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Virgin Galactic rocket firing
Virgin Galactic’s SpaceShipTwo rocket plane, VSS Unity, fires up its hybrid rocket motor during a supersonic test flight. (MarsScientific.com and Trumbull Studios via Virgin Galactic)

Virgin Galactic sent its SpaceShipTwo rocket plane, VSS Unity, to its highest-ever altitude today during its third powered test flight — setting the stage for a full-powered push across the boundary of outer space.

Unity was hooked beneath its WhiteKnightTwo carrier airplane this morning for takeoff from Mojave Air and Space Port in California. About an hour into the flight, the rocket plane was dropped into the air and fired its single hybrid rocket motor, punching upward into the sky.

Virgin Galactic reported that the craft executed a 42-second rocket burn and hit a top speed of Mach 2.47. Maximum altitude was 170,800 feet (32 miles, or 52 kilometers). That’s higher than high-altitude balloons can fly, and more than halfway to outer space.

VSS Unity’s two previous rocket-powered flights involved shorter rocket burns and rose no higher than 114,500 feet.

On the way down, Unity deployed its “feathered-wing” re-entry system to slow its descent. Peak re-entry speed was Mach 1.7, marking the first time Unity went supersonic on the way down.

Virgin Galactic said pilots Dave Mackay and Mike “Sooch” Masucci guided Unity through its glide back to the Mojave airport. Todd Ericson and Kelly Latimer piloted WhiteKnightTwo.

“It was a thrill from start to finish,” Mackay said in a post-landing statement. “Unity’s rocket motor performed magnificently again, and Sooch pulled off a smooth landing. This was a new altitude record for both of us in the cockpit, not to mention our mannequin in the back, and the views of Earth from the black sky were magnificent.”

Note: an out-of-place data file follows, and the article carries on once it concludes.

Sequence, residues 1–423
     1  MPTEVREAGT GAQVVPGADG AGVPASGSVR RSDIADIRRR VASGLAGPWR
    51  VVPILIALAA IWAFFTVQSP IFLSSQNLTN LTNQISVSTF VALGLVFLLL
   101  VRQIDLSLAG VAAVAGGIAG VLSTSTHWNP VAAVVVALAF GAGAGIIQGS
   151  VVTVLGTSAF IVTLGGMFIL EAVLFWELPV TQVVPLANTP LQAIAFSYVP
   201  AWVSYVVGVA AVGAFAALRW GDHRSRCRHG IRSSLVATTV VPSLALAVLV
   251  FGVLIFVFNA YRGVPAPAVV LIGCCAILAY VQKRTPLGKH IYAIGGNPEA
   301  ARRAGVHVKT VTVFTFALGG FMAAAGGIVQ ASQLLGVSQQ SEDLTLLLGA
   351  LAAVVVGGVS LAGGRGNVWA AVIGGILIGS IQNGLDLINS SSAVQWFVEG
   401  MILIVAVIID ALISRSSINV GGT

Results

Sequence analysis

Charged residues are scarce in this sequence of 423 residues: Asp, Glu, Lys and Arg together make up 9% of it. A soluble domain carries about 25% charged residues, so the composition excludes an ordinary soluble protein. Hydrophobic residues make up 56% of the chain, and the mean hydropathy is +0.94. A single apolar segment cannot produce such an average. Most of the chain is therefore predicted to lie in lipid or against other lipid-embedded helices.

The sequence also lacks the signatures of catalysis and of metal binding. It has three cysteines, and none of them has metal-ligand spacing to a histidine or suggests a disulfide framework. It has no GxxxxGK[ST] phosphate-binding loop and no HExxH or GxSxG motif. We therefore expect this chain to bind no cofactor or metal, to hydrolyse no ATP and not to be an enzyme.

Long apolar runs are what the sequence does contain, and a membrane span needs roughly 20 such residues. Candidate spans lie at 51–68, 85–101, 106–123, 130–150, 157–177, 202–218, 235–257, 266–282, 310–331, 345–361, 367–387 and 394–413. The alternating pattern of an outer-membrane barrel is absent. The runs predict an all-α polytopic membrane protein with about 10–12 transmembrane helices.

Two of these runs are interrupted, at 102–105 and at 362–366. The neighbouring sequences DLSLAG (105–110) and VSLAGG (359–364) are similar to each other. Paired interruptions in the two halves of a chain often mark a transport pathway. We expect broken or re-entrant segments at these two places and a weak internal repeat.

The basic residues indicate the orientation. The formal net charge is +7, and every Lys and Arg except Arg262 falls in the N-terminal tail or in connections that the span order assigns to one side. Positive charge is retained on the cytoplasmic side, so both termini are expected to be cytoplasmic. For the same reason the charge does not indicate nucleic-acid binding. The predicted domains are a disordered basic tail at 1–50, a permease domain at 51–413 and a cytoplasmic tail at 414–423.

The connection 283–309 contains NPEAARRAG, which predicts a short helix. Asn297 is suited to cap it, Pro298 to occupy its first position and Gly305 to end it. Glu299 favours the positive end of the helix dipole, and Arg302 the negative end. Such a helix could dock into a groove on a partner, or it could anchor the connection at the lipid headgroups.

The mannequin, dubbed Annie (short for “anthropomorphic”), was placed in a passenger seat and outfitted with vibration and noise sensors to assess what Virgin Galactic’s customers would eventually experience.

For his part, Masucci said the flight was “exciting and frankly beautiful.”

“Having been a U-2 pilot and done a lot of high altitude work, or what I thought was high altitude work, the view from 170,000 feet was just totally amazing,” he said.

Today was a “terrific day,” said Enrico Palermo, president of The Spaceship Company. TSC is the sister company in charge of manufacturing SpaceShipTwo rocket planes and WhiteKnightTwo motherships for Virgin Galactic.

“We hit our planned target duration today,” Palermo told GeekWire.

The flight was aimed at checking VSS Unity’s aerodynamics and thermal dynamics with a longer rocket firing duration, higher altitude and faster speeds. The preliminary results are encouraging, Palermo said, but the SpaceShipTwo team will need a few more weeks to conduct a full analysis.

Palermo said that analysis will determine how many more steps it will take to get to a safe, full-duration burn of 60 seconds, with a minimum target altitude of 50 miles (264,000 feet, or 80 kilometers).

Fifty miles is the altitude standard used by the U.S. Air Force for doling out astronaut wings, but it’s below the internationally accepted 100-kilometer (62-mile) boundary of outer space. For what it’s worth, that boundary, known as the Karman Line, may someday be redrawn at around the 50-mile mark.

Although Virgin Galactic reported no glitches in the wake of today’s flight, the company’s path hasn’t always been smooth: In 2014, the first SpaceShipTwo plane, dubbed VSS Enterprise, broke up during a rocket-powered flight, killing the co-pilot and seriously injuring the pilot.

Over the past four years, Virgin Galactic has incorporated safety-related upgrades in the design of VSS Unity and changed its procedures for flight training and testing.

“We spent 14 years working on our space program,” Virgin Galactic’s billionaire founder, Richard Branson, told Bloomberg’s David Rubenstein in May. “It’s been tough. Space is tough. It is rocket science. … Before the end of the year, I hope to be sitting in a Virgin Galactic spaceship, going to space.”

He said about 800 people have paid as much as $250,000 to reserve a seat on the plane, which will fly out of Spaceport America in New Mexico once commercial operations begin.

Branson isn’t the only billionaire building a suborbital spaceship: Amazon founder Jeff Bezos’ Blue Origin space venture is developing a vertical-launch craft called New Shepard. That rocket ship is currently going through uncrewed, autonomously controlled tests, and Bezos is aiming to begin flying test astronauts this year.

If all goes well, Kent, Wash.-based Blue Origin is expected to announce a ticket price and start taking passenger reservations next year.

Previously:

Update for 2 p.m. PT July 26: We’ve added post-flight data and quotes from the pilots and from Enrico Palermo, president of The Spaceship Company.

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